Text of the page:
In last month’s column, I explained the proper use of the term “panelboards,” which are the interior busing and breaker terminations covered by parts I and III of Article 408. That article was more involved in covering the concept behind Article 408 and preventing the misuse of terminology and misconceptions surrounding panelboards. The requirements in Article 312 are also important in panelboard and cabinet applications.
In the past, I have written about placing the panelboard busing in the cabinet for proper bending and appropriate space for termination of conductors, but users need to know much more about Article 312 than space requirements.
Let’s start out by looking at the spacing requirements in 312.6(A) and (B). Before the 2017 National Electrical Code , conductor space requirements for wire sizes in Table 312.6(A) only applied to standard stranded building wire as provided in Table 5 in Chapter 9 and not compact stranded AA-8000 aluminum alloy conductors as in Table 5B. Table 312.6(B) had compact stranded AA-8000 aluminum alloy conductors, but the other table did not until it was added to Table 312.6(A) in the 2017 NEC .
Tables 312.6(A) and (B)
Compact stranded conductors are much stiffer and more difficult to pull into raceways and bend into place within enclosures. Thus, they take up more space than regular flexible standard stranded building wire.
Where cables are installed in parallel (those are limited by 310.10(G) to sizes 1/0 and larger), more space is required based on the number of conductors within the enclosures. Tables 312.6(A) and 312.6(B) clearly provide that extra space for larger cables and the number installed in parallel.
Table 312.6(A) provides two applications. The first is the size of the pull section area between the enclosure sides and back and the busbar/bus termination. Table 312.6(A) provides the necessary space for termination to the circuit breakers and supply lugs and includes space so large conductors can easily be bent into 90-degree or U-bends, since the conductors are not entering into the enclosure directly opposite of the termination. Where conductors are entering into the enclosure directly opposite the termination point, extra space is necessary due to the large conductor sizes and lack of flexibility of standard stranded and compact stranded large conductors. That is provided by Table 312.6(B).
Read the notes
Many NEC users do not read the notes at the bottom of the tables and miss some very important points that may permit spaces to be less than the spaces given in Table 312.6(B). For example, Note 2 at the bottom of this table states that, for removable and lay-in wire terminals intended for only one wire (plus some limited sizes of parallel wires), bending space for the wire may be decreased by superscripts a through e, located within the table and based on the sizes of conductors.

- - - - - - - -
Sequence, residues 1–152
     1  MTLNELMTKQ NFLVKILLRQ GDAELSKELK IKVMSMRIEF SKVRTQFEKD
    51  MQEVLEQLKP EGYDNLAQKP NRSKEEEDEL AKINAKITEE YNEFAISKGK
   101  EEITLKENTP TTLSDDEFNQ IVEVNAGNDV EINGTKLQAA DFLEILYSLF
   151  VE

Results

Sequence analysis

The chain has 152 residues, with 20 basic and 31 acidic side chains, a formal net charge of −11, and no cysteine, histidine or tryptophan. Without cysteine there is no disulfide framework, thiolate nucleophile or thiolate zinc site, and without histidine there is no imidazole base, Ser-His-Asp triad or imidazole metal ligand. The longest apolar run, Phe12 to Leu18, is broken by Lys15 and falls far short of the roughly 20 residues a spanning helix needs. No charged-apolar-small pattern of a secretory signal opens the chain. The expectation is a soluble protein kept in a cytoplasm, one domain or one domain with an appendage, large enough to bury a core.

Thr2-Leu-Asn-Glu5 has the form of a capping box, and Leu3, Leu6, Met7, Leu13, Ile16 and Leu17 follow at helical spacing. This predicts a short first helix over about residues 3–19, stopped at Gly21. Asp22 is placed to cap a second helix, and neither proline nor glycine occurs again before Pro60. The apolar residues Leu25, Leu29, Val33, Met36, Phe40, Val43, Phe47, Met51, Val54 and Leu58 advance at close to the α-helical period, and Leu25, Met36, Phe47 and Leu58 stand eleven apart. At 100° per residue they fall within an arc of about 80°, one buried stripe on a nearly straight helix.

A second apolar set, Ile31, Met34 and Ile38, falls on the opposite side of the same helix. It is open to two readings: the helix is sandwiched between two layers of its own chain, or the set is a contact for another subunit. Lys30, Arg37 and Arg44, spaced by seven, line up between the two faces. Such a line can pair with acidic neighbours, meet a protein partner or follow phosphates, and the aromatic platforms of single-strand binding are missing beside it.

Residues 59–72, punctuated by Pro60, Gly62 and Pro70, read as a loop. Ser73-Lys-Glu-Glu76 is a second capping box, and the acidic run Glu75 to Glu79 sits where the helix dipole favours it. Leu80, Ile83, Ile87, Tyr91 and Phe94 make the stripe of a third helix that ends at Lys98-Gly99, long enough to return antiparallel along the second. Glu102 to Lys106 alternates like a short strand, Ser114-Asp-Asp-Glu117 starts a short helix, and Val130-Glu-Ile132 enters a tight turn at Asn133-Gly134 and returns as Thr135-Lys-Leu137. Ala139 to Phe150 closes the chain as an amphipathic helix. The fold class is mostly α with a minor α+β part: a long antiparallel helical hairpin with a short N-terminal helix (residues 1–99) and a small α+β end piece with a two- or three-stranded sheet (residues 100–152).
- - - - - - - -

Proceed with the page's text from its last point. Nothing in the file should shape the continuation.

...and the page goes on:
The reductions in distances in Table 312.6(B) are as follows: superscript a is ½-inch, superscript b is 1 inch, superscript c is 1½ inches, superscript d is 2 inches and superscript e is 3 inches and based on the capability of removing the lug or having a lay-in lug. Always check the notes at the bottom of any table in the NEC , since most are mandatory and not for information only.
What 312.8 permits
Many times, the pull section area in the cabinet may be used for purposes other than just installing conductors. Where enclosures contain switches and overcurrent devices, 312.8 permits the wiring spaces within enclosures to contain other wiring and electrical equipment, as provided in 312.8(A) and (B).
The wiring space can have conductors feeding through the enclosure to others, and can be spliced and tapped, as long as the total of all conductors does not exceed 40% of the cross-sectional area of that space plus the total area of all conductors, splices and taps installed at any cross-section of the wiring space and doesn’t exceed 75% of the cross-sectional area of that space. A label must also be installed at the enclosure that identifies the closest disconnecting means for any feed-through conductors.
Section 312.8(B) allows power management and energy management equipment to be installed in that area with proper identification, not exceeding the 75% rule, among other requirements.
Articles 408 and 312 are closely interlinked. Review both for proper application of NEC rules for panelboards and cabinets.
Header image by Wikimedia Commons.